I get a knot in my stomach every time someone asks me if I think homosexuality is a sin.
It’s a loaded, closed-ended question that requires making a sweeping pronouncement on a group of people that is far too diverse and varied to earn a single label. It’s a question that instantly lowers the level of discourse by casting the complicated continuum of human sexuality into sharp, black-and-white terms. And it’s a question I’m desperately afraid to answer for fear of losing credibility, for fear of losing friends, and for fear of being wrong.
It elevates the discourse by gently coaxing the reader into those uncomfortable gray areas where the best, most productive conversations always occur. Instead of black-and-white, Marin sees a world of color, and the deep, longtime relationships this former self-proclaimed “Bible-thumping-homophobe” has built with gays and lesbians over the years is a testimony to the fact that a more productive conservation between evangelicals and the GLBT community is indeed possible.
I finished Love is an Orientation feeling more confident—not because Marin had resolved every question in my mind and not because I agreed with everything he said or implied—but because I felt freed from the confines of those old, closed-ended questions that never seemed to get us anywhere.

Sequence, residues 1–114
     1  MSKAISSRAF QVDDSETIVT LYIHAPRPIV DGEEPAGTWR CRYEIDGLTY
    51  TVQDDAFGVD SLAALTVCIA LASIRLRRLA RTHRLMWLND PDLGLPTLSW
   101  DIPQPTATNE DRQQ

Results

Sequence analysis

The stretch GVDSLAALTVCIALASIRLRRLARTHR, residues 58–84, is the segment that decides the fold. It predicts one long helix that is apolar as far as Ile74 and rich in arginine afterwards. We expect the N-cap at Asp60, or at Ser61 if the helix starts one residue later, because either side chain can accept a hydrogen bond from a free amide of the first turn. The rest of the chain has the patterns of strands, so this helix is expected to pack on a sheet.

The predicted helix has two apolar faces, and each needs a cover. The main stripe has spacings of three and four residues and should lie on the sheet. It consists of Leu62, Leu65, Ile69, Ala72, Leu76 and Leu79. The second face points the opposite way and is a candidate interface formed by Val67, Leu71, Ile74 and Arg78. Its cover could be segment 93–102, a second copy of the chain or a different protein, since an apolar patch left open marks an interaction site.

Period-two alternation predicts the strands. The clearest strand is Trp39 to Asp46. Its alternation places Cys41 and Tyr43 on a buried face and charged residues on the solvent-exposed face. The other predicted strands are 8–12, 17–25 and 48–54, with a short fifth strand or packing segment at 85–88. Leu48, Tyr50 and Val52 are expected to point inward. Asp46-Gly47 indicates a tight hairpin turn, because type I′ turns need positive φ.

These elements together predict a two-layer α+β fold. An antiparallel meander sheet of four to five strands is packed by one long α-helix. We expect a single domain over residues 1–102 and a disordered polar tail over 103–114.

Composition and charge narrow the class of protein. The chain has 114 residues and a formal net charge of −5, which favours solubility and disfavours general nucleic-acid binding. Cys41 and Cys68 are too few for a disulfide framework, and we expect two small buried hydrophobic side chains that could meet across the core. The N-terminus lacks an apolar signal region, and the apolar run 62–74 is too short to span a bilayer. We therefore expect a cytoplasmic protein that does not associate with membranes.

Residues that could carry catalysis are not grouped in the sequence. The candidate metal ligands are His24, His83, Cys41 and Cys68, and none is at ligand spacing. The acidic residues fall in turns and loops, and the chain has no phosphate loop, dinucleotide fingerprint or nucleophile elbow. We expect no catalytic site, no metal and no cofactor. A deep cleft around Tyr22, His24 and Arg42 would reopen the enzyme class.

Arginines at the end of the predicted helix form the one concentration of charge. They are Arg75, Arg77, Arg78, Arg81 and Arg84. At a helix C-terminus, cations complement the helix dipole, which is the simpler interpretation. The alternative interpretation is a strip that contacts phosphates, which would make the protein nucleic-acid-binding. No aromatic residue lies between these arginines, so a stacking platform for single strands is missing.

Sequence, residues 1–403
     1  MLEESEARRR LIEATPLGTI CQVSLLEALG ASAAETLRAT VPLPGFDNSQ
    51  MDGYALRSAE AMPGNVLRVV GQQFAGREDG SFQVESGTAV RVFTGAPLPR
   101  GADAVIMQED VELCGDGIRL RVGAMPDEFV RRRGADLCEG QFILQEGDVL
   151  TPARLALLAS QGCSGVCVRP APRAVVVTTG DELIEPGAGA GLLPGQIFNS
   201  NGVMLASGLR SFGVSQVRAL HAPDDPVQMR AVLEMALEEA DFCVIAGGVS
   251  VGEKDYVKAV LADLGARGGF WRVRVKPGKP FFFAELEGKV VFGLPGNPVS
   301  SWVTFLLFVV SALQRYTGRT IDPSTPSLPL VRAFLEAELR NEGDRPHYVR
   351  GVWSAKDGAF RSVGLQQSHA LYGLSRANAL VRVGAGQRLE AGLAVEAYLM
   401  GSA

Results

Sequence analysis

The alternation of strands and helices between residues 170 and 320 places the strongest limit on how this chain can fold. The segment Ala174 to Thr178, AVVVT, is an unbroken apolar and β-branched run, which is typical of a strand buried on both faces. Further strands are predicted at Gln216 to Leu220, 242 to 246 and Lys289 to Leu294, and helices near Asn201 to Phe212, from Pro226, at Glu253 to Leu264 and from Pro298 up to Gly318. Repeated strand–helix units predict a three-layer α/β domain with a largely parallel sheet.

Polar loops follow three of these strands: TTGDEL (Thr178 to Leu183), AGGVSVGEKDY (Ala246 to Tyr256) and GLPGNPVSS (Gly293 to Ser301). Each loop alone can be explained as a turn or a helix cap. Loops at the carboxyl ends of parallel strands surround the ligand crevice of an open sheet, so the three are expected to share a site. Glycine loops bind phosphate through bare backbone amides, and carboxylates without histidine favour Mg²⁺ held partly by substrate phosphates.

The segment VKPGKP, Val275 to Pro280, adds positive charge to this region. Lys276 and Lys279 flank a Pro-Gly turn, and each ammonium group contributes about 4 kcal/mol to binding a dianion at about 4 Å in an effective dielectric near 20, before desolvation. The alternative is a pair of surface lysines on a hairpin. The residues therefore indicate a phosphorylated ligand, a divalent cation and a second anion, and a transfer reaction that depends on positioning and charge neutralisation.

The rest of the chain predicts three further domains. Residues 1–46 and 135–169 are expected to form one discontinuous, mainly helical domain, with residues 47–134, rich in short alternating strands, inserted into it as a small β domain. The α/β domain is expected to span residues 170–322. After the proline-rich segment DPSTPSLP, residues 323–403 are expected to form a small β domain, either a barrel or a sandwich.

There’s a lot I could cover in this review. Some things I’d love to talk about, but can’t in the interest of space include:
- Common misconceptions/ generalizations that conservative evangelicals apply to the GLBT community. (For example, I often hear from Christians that “most gay people were sexually abused,” but Marin explains that research suggests only 7 to 15 percent of the GLBT community was sexually abused in their youth.)
- Biblical/theological considerations put forth by gay-affirming churches and biblical/theological considerations put forth by more traditional, conservative churches. (Marin explores both, briefly but fairly.)
- Why the fight over gay marriage misses the point. (Writes Marin, “Let the politically active have what the politically active think belongs to them. Christians should think in God’s kingdom-encapsulated terms, not in human terms…The political world means too much to Christianity, and people mean too little.”)
What I’d like to focus on instead is the main point of the book.
Marin explains that “at a baseline level, all the GLBT community wants from God is a) to have the same intimate relationship with God that evangelicals claim to have; and b) to safely enter into a journey toward an inner reconciliation of who they are sexually, spiritually, and socially.”
Our goal as Christ-followers is not to try to cram people into whatever our behavioral ideals might be, but to lovingly help people reconnect with God. This is true in all relationships, but we must be especially deliberate in building bridges with the GLBT community as it has been so ostracized and misunderstood by the conservative religious community.
If we simply focus on loving gays and lesbians with the goal of helping them nurture healthy relationships with God, we can relax a little and trust God to lead each individual down whatever path is right for him or her.